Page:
Peterson's allusive style makes critiquing him like trying to nail jelly to a cloud, but I have tried to indicate alternatives to his assumptions about morality, individualism, reality, and the meaning of life. If you go for Christian mythology, narrow-minded individualism, obscure metaphysics, and existentialist angst, then Jordan Peterson is the philosopher for you. But if you prefer evidence and reason, look elsewhere.  

'Sapere aude'
by Oui (Oui) on Sat Nov 17th, 2018 at 12:14:18 AM EST
[ Parent ]
Somehow people relentlessly reject "much better ideas": Enlightenment was met with various forms of Counter-Enlightenment; American rational open-mindedness is regularly followed by religious Great Awakenings and anti-intellectualism. Further back, Christianity prevailed in the declining Roman Empire as an anti-intellectual opposition to the Greek classics; and most dramatically, Islamic Golden age ended with a decisive victory of anti-intellectual Asharites.

I see two reasons for that. For one, Reason proved to be an awkward, stilted leader of human tribes. It had its best time in the 20th century, when progress was obvious and engaging. Somehow it was not rewarded gratefully, and its appreciation decreases further. Even in Ancient Greece, where gods and heroes had vulnerabilities and vices (which helped to define philosophy as critical inquiry), common Athenians looked at philosophers dismissively. It is hard to be a congruent leader by self-defeatingly questioning any authority. Can this classical philosophy take a critical view at its critical method? Perhaps reverence to authority in ancient Persian, Indian, Confusian doctrines was not a disqualifying error, after all.

Secondly, Reason effectively assumes utility of all choices known, or that "unknown unknowns" would not change epistemology and ethics. That is a haughty stance. Notice how anti-intellectual currents gain strength "just before" major social-political transformations. It is plausible that Reason knows (and will ever know) much less about dialectical resolutions of Chaos into Order than its opposition. Major upheavals (including the coming climate change, presumably ) are survived not by any Bayesian knowledge but by faith that is already present in communal joints, bones and genes.

Peterson apparently communicates in this venue, for better or worse.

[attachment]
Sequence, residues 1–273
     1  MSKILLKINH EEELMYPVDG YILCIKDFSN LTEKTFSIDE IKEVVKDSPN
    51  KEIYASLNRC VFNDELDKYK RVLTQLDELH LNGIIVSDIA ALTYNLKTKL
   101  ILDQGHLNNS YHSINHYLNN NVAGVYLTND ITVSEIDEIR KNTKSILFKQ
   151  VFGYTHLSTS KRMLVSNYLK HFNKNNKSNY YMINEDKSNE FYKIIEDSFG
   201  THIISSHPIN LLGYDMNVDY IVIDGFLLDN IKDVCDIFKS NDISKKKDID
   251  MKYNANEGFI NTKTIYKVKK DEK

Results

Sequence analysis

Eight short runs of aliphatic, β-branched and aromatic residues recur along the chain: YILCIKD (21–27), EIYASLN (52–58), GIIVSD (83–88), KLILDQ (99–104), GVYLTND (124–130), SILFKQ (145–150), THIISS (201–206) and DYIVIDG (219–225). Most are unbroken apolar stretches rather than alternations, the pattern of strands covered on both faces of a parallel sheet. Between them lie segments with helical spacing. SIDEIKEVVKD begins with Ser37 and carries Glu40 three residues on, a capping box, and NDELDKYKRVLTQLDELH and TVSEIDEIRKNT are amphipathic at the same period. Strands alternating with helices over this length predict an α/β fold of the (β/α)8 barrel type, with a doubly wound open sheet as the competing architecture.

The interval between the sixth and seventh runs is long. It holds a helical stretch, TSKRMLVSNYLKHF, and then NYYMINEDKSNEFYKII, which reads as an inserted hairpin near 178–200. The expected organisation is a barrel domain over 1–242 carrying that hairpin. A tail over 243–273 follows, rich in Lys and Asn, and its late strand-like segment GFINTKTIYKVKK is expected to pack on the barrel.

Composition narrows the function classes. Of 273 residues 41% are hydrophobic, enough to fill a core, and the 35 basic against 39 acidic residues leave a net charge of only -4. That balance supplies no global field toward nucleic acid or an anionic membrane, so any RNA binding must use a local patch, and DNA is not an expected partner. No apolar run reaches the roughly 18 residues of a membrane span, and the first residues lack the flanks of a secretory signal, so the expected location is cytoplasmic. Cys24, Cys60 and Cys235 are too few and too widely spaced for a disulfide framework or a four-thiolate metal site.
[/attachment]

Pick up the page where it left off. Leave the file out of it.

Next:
by das monde on Sat Nov 17th, 2018 at 01:46:13 PM EST
[ Parent ]
Here is a Peterson quorum by another name.

Diversity is the key to economic and political evolution.
by Cat on Sat Nov 17th, 2018 at 07:26:58 PM EST
[ Parent ]
And here is another.

And another.

And another.

And so on and so forth.

Diversity is the key to economic and political evolution.

by Cat on Sat Nov 17th, 2018 at 07:31:26 PM EST
[ Parent ]
According to Plato and Aristotle, a virtue is always something deliberate, and usually a restrain or some discomfort.
by das monde on Sat Nov 17th, 2018 at 08:27:12 PM EST
[ Parent ]
primary source
preferably in context length > 25 words
from any translation you choose.

Diversity is the key to economic and political evolution.
by Cat on Sun Nov 18th, 2018 at 04:14:37 PM EST
[ Parent ]
Plato's "Protagoras", some context highlights:
[319a] What is to learn from a philosopher? Virtue
[329d] Virtue is a whole of being just, temperate, etc
[339b] Citing poet Simonides: It is hard to become/be good.
[340e] Is it hard to stay virtuous?
[342b] Praise of the Spartan character
[350b] The courageous know what they are doing
[353c] The vice of being overcome by pleasure
[354a] Painful goods
[356d] Knowledge by measure
[357d] Errors, vices by ignorance
[360e] The ignorant would not be virtuous
[361b] Expression of virtue presupposes knowledge

Similarly, the gist of Aristotle's ethics is that virtuous acts are those performed by virtuous people consciously (i.e., by deliberate choice, intention). They are defined by their character (the habit of virtue) rather than "mechanics". Good life involves good reasons for the acts, etc.

by das monde on Mon Nov 19th, 2018 at 04:51:54 PM EST
[ Parent ]
So what you think of outraged students vandalizing prof's office door, and then the administration putting all responsibility on the prof?  Similarly, shouldn't people of Reason accept responsibility for massive anti-intellectual backlashes?
by das monde on Sat Nov 17th, 2018 at 08:31:27 PM EST
[ Parent ]


Occasional Series